07 September 2008

All Virtues Are Tough, Old Chum

In all my weekly Robin postings, I've said very little about the Batman TV show that cemented the character in so many people's minds in 1966-1968. And that's because it means very little to me. For whatever reason, when I was a young boy I didn't watch this show, and if you didn't watch it as a young boy you're exempt.

Batman reruns therefore hold no nostalgic power over me, as they do for British Batman scholar Will Brooker. Nor do I resent, as some fans do, how the show cemented the mid-1960s campy version of Batman in most people's minds, even after the Batman comics moved in a more serious direction. The show is what it is.

College drama student Burt Ward was cast as Robin. After that show, Ward went on to...not much. He was typecast. And perhaps not talented or ambitious enough as an actor to overcome that obstacle. So Ward continued to make appearances as Robin, titled his self-published memoir Boy Wonder: My Life in Tights, and snagged RobintheBoyWonder.com as his official website.

Ward performed with all the enthusiasm left over from Adam West's deliberate and deliberately stiff line readings as Batman. (West had experience as a straight man in the Three Stooges feature The Outlaws Is Coming! Not as good as The Three Stooges Meet Hercules, but I digress.) As most of the cast emoted, West stood out by quietly investing even the most trite or ridiculous lines with freighted meaning. And that meant Batman's supposedly meaningful lines received enough gravitas to bend light.

Which brings me to "Batman Lecturing Robin", a list of quotes from the show that appears on so many webpages that I can't tell who compiled it. It preserves such dialogue as:

Robin: "You can't get away from Batman that easy!"
Batman: "Easily."
Robin: "Easily."
Batman: "Good grammar is essential, Robin."
Robin: "Thank you."
Batman: "You're welcome."

Robin: "Boy! That was our closest call ever! I have to admit that I was pretty scared!"
Batman: "I wasn't scared in the least."
Robin: "Not at all?"
Batman: "Haven't you noticed how we always escape the vicious ensnarements of our enemies?"
Robin: "Yeah, because we're smarter than they are!"
Batman: "I like to think it's because our hearts are pure."

Robin: "Where'd you get a live fish, Batman?"
Batman: "The true crimefighter always carries everything he needs in his utility belt, Robin."
In punctuation terms, Ward delivered almost all of Robin's lines with exclamation points! West's line readings seemed to be...spread out...over ellipses.

Despite the camp, there are surprising pearls of wisdom in this compilation:
Batman: "That's one trouble with dual identities, Robin. Dual responsibilities."

Batman: "Nobody wants war."
Robin: "Gee, Batman. Belgravia's such a small country. We'd beat them in a few hours."
Batman: "Yes, and then we'd have to support them for years."

Robin: "Self-control is sure tough sometimes, Batman!"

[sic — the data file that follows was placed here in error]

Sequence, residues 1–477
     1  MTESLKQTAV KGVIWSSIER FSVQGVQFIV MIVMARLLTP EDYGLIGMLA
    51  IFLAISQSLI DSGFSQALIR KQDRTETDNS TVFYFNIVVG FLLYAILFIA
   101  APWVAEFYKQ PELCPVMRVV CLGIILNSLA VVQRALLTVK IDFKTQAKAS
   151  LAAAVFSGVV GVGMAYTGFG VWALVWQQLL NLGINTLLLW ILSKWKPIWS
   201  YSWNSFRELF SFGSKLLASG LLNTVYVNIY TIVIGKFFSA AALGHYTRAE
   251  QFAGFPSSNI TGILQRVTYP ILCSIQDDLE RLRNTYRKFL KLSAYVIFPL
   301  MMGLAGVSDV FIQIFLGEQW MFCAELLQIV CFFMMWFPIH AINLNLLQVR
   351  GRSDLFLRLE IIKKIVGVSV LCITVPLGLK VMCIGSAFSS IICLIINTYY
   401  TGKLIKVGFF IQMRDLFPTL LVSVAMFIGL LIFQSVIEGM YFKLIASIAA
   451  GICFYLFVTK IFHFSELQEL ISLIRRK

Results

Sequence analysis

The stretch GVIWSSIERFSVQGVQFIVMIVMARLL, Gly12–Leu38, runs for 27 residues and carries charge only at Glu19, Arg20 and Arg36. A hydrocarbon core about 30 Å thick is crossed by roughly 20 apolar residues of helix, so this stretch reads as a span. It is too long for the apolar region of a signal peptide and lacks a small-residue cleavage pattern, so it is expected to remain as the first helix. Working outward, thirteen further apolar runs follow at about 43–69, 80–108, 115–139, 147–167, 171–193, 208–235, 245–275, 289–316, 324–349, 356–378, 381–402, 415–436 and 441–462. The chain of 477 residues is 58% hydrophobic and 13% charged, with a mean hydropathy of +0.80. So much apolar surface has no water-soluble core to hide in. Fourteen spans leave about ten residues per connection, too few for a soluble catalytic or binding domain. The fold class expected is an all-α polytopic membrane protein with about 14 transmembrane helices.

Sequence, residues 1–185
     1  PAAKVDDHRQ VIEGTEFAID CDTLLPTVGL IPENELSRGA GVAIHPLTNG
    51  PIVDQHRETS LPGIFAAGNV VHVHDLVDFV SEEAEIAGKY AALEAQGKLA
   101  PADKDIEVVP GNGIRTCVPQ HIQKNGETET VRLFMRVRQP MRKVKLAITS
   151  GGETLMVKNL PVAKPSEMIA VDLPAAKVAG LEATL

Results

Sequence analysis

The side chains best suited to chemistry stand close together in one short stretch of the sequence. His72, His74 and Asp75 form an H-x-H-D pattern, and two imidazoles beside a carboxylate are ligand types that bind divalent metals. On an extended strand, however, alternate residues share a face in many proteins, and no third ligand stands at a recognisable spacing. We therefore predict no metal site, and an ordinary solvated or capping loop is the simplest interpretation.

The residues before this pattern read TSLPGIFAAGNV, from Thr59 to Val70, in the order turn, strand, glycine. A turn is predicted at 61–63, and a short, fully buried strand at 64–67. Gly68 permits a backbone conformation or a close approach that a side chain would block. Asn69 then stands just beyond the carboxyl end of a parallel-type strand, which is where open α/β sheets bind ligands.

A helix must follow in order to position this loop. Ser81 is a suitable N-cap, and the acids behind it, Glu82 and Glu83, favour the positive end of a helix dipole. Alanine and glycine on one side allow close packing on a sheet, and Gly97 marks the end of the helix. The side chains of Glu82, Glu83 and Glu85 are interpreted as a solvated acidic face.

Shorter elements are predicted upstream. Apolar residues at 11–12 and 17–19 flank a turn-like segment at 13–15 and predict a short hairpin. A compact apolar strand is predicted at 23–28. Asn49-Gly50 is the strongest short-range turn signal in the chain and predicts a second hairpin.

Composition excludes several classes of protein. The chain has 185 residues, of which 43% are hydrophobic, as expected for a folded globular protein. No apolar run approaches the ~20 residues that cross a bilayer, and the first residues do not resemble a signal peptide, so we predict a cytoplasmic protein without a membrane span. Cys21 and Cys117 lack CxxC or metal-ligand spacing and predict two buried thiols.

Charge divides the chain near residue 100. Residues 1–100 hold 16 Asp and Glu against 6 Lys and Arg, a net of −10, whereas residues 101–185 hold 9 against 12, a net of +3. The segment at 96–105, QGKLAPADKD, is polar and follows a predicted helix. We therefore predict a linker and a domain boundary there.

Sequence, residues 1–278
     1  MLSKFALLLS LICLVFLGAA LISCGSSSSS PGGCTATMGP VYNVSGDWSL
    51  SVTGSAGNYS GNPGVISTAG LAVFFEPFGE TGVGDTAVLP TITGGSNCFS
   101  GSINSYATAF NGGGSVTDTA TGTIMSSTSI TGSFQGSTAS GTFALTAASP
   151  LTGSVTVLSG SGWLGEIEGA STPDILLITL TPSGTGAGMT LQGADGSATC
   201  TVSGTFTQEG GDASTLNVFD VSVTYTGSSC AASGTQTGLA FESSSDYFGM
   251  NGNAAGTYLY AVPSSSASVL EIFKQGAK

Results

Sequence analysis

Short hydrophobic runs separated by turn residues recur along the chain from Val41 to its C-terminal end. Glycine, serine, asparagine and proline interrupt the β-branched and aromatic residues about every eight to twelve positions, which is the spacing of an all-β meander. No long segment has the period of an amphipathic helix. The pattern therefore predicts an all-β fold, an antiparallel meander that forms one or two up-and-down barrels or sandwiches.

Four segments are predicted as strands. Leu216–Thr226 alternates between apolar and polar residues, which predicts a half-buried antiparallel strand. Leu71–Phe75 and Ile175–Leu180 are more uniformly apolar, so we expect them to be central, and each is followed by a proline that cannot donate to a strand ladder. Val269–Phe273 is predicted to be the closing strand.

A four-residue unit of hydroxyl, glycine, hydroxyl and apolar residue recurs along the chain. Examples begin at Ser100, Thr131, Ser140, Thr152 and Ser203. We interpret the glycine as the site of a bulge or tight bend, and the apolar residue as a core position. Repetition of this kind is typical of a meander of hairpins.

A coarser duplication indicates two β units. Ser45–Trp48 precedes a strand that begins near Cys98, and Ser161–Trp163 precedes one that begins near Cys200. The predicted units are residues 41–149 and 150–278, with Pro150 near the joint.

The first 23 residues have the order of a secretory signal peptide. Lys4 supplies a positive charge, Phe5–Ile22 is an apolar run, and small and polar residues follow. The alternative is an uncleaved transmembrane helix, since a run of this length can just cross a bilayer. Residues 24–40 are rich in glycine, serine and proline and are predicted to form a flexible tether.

Batman: "All virtues are, old chum. Indeed, that's why they're virtues."
And as long as I'm emptying my thoughts on Burt Ward as Robin, I'll mention a record I learned about from JB's Warehouse Music Annex. In 1966, Ward released a 45rpm single of two songs: "Boy Wonder, I Love You," supposedly based on his fan mail, and "Orange Colored Sky," originally sung by Nat King Cole. (The record company must have been attracted to the "Flash! Bam!" part.)

The arranger and conductor of the music, and composer of the A-side song, was Frank Zappa. Here are his deathless lyrics:
Boy Wonder, I love you
Boy Wonder, I love you
Ooh ooh ooh

Hi, kids! It's me, your pal, the Boy Wonder, taking this opportunity to catch up on my fan mail. Even as a Boy Wonder it's really hard to read all the tons of mail I get. Here is a happy letter from someone just about your age:

"Dear you, wonderful, fabulous, magnificent, exquisite Boy Wonder, A cold chill runs up my spine everytime I see you sock a villain, and, oh, how I cry when you're even scratch. Please, don't send me a mimeograph copy of interesting facts about you, I want your handwriting. I have a whole wall on my room dedicated to you.

"Oh, Boy Wonder, I'm making a gum wrapper chain to symbolize my love for you. It's going to be as long as I am tall, and I'm 5 foot 10 inches in stocking feet. Please, Boy Wonder, PLEASE, come next Saturday and sleep for a week or two. I will feed you breakfast in bed, I will make your bed for you, and I like you so much that I want you to spend the whole summer with me.

"(I hope you know this is a girl writing.)"
(swoon, shriek)

Boy Wonder, I love you
Boy Wonder, I love you
Boy Wonder, I love you
Boy Wonder, I love you
According to this site, there are still two unreleased tracks from Burt Ward in 1966: "Teenage Bill of Rights" and "Autumn Love". I'm not holding my breath.


Gail Gauthier said...

I did watch the Batman TV show when I was young, and it still means little to me. I never saw the attraction.

While I was not a manic comic book fan when I was a kid, I had read them, including Batman, before the show came out. I can remember watching the first episode and wondering what the heck was going on. This wasn't Batman. I wanted the real thing.

I was also disappointed when I first started watching the British TV series The Avengers because it wasn't the Marvel comic book of the same name. I came around to that show, though.

J. L. Bell said...

Yeah, I remember seeing a TV Week listing for The Avengers, or maybe it was The New Avengers, and feeling miffed when it had no resemblance to the Marvel superhero group. I should have gotten over my disappointment and watched the show; it probably would have appealed to me.